University of Sussex

File(s) not publicly available

Empirical versus modelling approaches to the estimation of measurement uncertainty caused by primary sampling

journal contribution
posted on 2023-06-08, 08:30 authored by Jennifer A Lyn, Michael H Ramsey, Andrew P Damant, Roger Wood
Measurement uncertainty is a vital issue within analytical science. There are strong arguments that primary sampling should be considered the first and perhaps the most influential step in the measurement process. Increasingly, analytical laboratories are required to report measurement results to clients together with estimates of the uncertainty. Furthermore, these estimates can be used when pursuing regulation enforcement to decide whether a measured analyte concentration is above a threshold value. With its recognised importance in analytical measurement, the question arises of `what is the most appropriate method to estimate the measurement uncertainty?¿. Two broad methods for uncertainty estimation are identified, the modelling method and the empirical method. In modelling, the estimation of uncertainty involves the identification, quantification and summation (as variances) of each potential source of uncertainty. This approach has been applied to purely analytical systems, but becomes increasingly problematic in identifying all of such sources when it is applied to primary sampling. Applications of this methodology to sampling often utilise long-established theoretical models of sampling and adopt the assumption that a `correct¿ sampling protocol will ensure a representative sample. The empirical approach to uncertainty estimation involves replicated measurements from either inter-organisational trials and/or internal method validation and quality control. A more simple method involves duplicating sampling and analysis, by one organisation, for a small proportion of the total number of samples. This has proven to be a suitable alternative to these often expensive and time-consuming trials, in routine surveillance and one-off surveys, especially where heterogeneity is the main source of uncertainty. A case study of aflatoxins in pistachio nuts is used to broadly demonstrate the strengths and weakness of the two methods of uncertainty estimation. The estimate of sampling uncertainty made using the modelling approach (136%, at 68% confidence) is six times larger than that found using the empirical approach (22.5%). The difficulty in establishing reliable estimates for the input variable for the modelling approach is thought to be the main cause of the discrepancy. The empirical approach to uncertainty estimation, with the automatic inclusion of sampling within the uncertainty statement, is recognised as generally the most practical procedure, providing the more reliable estimates. The modelling approach is also shown to have a useful role, especially in choosing strategies to change the sampling uncertainty, when required.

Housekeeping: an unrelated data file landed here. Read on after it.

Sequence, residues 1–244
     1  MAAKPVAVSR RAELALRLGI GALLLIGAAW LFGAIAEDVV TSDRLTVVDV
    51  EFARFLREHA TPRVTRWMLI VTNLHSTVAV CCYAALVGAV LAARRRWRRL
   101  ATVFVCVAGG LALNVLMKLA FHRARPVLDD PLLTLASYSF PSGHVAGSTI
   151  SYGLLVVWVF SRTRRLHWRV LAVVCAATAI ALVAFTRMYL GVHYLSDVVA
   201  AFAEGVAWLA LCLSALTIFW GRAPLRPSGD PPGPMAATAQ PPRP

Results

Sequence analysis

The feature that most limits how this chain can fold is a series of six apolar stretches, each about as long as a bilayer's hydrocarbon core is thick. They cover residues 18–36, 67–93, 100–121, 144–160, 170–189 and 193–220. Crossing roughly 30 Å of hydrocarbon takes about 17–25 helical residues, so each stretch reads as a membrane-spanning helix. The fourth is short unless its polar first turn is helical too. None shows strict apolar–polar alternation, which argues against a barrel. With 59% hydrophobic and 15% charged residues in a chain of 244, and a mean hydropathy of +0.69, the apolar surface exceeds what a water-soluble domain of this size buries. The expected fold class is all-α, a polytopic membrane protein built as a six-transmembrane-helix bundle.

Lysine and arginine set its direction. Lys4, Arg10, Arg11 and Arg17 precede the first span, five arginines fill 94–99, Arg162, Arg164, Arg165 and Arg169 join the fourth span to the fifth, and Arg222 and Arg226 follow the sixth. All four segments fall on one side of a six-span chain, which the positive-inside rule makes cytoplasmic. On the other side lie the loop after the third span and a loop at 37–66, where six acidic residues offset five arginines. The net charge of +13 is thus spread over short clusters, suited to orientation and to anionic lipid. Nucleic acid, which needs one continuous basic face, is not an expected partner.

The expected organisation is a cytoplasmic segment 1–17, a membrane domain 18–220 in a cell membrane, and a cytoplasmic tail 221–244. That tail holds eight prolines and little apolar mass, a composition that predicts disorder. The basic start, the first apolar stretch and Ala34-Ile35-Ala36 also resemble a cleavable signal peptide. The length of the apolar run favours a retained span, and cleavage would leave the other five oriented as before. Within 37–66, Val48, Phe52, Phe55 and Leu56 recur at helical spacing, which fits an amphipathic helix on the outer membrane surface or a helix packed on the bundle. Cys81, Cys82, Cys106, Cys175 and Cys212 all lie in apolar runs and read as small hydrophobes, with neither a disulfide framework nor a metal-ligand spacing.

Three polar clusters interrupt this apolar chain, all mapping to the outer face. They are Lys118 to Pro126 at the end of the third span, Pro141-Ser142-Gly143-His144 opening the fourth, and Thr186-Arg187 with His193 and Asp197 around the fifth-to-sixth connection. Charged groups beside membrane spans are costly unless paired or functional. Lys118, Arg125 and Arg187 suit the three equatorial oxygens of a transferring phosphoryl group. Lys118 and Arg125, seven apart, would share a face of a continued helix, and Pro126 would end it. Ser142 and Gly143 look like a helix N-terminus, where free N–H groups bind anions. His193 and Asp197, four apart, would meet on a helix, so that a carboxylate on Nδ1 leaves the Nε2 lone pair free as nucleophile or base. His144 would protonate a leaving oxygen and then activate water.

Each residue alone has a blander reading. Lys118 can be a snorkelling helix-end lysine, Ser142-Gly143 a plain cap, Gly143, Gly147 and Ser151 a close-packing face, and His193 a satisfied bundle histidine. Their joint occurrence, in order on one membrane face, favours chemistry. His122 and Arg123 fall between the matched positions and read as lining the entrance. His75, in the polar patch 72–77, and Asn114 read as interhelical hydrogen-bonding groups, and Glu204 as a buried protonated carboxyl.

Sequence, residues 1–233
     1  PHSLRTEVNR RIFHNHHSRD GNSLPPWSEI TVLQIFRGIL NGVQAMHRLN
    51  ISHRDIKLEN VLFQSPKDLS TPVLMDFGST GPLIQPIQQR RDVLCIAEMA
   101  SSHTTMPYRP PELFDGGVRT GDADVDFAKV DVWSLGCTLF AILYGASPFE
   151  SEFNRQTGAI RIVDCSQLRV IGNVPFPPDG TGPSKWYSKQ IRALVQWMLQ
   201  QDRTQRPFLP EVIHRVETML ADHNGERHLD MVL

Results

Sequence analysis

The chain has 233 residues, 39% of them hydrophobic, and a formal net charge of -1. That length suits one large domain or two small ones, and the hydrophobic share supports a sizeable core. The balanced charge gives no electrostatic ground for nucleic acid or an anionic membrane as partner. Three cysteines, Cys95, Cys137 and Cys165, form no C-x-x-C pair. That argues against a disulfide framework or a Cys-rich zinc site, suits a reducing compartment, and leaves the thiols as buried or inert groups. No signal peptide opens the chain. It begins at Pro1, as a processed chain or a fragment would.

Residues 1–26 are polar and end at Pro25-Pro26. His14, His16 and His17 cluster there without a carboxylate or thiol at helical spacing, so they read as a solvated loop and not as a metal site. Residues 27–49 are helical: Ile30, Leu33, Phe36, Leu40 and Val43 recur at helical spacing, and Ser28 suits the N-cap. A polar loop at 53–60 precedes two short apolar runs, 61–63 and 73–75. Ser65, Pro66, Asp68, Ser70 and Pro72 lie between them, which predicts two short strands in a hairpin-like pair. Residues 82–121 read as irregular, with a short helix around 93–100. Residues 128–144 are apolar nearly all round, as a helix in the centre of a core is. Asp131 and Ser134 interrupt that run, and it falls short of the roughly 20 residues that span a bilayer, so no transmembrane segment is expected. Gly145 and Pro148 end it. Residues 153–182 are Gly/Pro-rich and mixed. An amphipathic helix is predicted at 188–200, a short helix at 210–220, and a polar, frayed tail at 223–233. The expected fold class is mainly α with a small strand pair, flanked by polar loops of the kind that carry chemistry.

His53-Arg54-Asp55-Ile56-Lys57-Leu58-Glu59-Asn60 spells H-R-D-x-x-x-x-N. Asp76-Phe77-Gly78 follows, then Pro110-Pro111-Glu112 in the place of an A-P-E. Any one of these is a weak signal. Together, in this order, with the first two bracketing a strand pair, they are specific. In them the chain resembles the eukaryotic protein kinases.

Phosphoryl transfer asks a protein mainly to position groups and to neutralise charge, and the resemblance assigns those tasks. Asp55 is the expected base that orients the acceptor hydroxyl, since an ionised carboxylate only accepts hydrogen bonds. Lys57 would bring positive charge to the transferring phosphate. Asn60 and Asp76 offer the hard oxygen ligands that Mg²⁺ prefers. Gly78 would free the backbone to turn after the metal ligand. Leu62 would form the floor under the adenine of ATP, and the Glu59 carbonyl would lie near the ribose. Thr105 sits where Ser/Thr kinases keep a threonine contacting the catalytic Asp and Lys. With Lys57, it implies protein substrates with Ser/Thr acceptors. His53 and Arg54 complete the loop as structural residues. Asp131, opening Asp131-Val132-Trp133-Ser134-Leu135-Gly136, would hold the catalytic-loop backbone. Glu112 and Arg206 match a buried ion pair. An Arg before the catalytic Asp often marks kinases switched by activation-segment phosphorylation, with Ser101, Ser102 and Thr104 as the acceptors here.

Publication status

  • Published







Page range




Department affiliated with

  • Evolution, Behaviour and Environment Publications

Full text available

  • No

Peer reviewed?

  • Yes

Legacy Posted Date


Usage metrics

    University of Sussex (Publications)


    No categories selected


    Ref. manager